Yale Shuts Down Anti-Semitism Program
STEVE INSKEEP, Host:
NPR's Tovia Smith reports.
TOVIA SMITH, Host:
You'd think something called the Yale Inter-Disciplinary Initiative for the Study of Anti-Semitism would have a hard time making itself into a household name. But in the five years since it was born, YIISA - as it's called - became widely recognized in its field, last year, for example, hosting what is billed as the largest conference on anti-Semitism since World War II.
U: So this afternoon, we are in for a treat. It's the Islamists and Islamitization of anti-Semitism.
SMITH: But the event provoked a barrage of criticism for its focus on anti-Semitism in the Muslim world. The PLO representative in the U.S., Maen Rashid Areikat, slammed the conference for what he called hatemongering, and this week, shed no tears for YIISA's demise.
SMITH: Our position remains the same: You cannot give universities as platforms for people who are defaming the Palestinians, defaming the Arabs, defaming Muslims in order to criticize racism.
SMITH: I think that conference was probably the beginning of the end for YIISA.
SMITH: Ken Marcus heads a California group aimed at combating anti-Semitism in academia.
SMITH: This represents a failure of nerve and of academic integrity on the part of Yale University, because it is a signal that if researchers work appears politically incorrect, they might suddenly find that the ground has opened up under their feet.
SMITH: Yale declined to be interviewed for this report, but in a written statement, the university says the center failed to produce, quote, "sufficient faculty research and scholarship to warrant its continuance." Ken Marcus says that doesn't pass the smell test.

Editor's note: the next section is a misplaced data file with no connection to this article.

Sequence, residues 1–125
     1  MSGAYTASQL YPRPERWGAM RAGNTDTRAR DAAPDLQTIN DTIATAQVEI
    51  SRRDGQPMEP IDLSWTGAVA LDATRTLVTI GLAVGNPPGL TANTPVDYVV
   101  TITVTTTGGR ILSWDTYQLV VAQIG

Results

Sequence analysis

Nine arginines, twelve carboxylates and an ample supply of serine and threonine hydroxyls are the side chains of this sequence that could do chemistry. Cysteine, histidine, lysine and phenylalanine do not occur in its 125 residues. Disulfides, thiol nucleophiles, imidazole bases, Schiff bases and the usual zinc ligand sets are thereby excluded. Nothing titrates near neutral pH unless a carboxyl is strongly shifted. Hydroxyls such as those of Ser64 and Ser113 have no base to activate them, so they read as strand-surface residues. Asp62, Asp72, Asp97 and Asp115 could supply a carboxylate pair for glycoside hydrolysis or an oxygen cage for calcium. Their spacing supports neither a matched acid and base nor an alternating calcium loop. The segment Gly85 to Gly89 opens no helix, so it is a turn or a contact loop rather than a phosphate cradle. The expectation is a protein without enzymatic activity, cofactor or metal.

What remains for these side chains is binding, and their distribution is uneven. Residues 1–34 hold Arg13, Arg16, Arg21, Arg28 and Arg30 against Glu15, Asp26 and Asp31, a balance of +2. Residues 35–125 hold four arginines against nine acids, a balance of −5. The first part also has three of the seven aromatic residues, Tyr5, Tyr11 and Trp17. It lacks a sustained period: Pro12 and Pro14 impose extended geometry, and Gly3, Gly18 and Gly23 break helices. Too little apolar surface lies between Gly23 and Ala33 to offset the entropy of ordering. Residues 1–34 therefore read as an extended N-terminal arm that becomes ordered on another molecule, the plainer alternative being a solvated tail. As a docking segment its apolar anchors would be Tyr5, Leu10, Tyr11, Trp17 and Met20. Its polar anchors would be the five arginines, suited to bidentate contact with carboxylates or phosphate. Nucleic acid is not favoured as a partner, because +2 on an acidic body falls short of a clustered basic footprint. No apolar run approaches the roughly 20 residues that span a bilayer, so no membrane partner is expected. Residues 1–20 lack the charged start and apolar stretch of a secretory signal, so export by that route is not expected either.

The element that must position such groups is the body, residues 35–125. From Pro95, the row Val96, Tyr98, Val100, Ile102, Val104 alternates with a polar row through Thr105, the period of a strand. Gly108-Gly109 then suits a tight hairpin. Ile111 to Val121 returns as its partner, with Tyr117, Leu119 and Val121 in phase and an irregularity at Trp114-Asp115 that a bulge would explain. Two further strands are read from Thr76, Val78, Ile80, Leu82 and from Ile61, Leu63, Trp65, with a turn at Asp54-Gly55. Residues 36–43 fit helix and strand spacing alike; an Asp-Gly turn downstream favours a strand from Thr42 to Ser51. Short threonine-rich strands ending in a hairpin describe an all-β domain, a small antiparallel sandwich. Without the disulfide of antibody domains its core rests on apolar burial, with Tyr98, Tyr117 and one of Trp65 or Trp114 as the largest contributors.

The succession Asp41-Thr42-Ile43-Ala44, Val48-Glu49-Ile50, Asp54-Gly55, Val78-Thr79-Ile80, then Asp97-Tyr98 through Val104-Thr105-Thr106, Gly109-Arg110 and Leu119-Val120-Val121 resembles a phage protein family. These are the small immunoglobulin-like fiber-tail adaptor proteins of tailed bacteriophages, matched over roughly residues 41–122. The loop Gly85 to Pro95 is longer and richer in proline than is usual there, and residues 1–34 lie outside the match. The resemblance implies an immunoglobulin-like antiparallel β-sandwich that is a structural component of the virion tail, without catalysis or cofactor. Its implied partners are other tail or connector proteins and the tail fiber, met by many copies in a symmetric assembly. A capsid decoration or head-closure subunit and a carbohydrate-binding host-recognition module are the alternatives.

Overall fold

SMITH: Anyone who says political concerns had nothing to do with the decision that Yale made is simply out to lunch.
SMITH: Indeed, some of the program's more candid critics don't deny it.
INSKEEP: I don't see a problem in it being known that this center was just too politicized.
SMITH: Yale sociology professor Jeffrey Alexander says YIISA had a bad habit of using anti-Semitism to explain away any criticism of Israel, and that alienated many faculty.
SMITH: Many of us stayed away from YIISA because of its clear political character. We didn't feel comfortable. You know, it would be as if you had a center for the study of, let's say, racism, organized by, let's say the Black Panther movement.
SMITH: University officials cite that lack of faculty interest as part of reason they're shutting the program down. Neil Kressel was a visiting scholar at YIISA. It may well have a political slant in favor of Israel, he says, but that's neither unusual nor problematic.
SMITH: I think that a political orientation is hardly a horrible offense, and I think that it's everywhere. I think that you will find that many political science institutes tend to have more Democrats than Republicans. There's an anti-religion bias among many academics, and that shows up in a lot of the research. It's in the nature of social science.
SMITH: University officials insist research on anti-Semitism will continue at Yale in other ways. Daniel Green - director of Yale's ISPS, the department that oversees YIISA - says the closure should not be misinterpreted.
SMITH: It's kind of funny that the director ISPS is Jewish. The provost of Yale University is Jewish. The president of Yale University is Jewish. None of these people are hostile to Israel or to the study of anti-Semitism. I mean, this is just totally ridiculous.
SMITH: Tovia Smith, NPR News.
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